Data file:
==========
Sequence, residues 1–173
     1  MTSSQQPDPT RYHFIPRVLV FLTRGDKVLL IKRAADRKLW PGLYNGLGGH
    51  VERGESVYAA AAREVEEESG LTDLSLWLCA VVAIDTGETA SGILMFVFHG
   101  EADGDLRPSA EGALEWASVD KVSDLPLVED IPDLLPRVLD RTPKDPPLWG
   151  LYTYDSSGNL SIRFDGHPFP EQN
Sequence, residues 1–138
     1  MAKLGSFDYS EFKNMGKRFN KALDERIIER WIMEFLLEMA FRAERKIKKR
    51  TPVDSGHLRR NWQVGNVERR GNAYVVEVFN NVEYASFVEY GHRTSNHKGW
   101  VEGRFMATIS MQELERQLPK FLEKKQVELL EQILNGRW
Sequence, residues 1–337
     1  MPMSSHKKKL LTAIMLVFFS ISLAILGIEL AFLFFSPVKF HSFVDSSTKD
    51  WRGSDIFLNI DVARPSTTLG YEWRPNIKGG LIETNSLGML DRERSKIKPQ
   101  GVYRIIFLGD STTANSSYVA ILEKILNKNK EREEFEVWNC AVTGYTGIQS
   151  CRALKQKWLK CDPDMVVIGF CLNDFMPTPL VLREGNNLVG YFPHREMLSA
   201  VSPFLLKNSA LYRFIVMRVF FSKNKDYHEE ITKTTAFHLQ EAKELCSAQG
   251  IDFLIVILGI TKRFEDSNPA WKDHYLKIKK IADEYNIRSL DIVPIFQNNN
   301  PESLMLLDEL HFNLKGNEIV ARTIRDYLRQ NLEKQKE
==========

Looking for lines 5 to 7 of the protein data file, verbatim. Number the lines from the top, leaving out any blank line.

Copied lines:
   151  LYTYDSSGNL SIRFDGHPFP EQN
Sequence, residues 1–138
     1  MAKLGSFDYS EFKNMGKRFN KALDERIIER WIMEFLLEMA FRAERKIKKR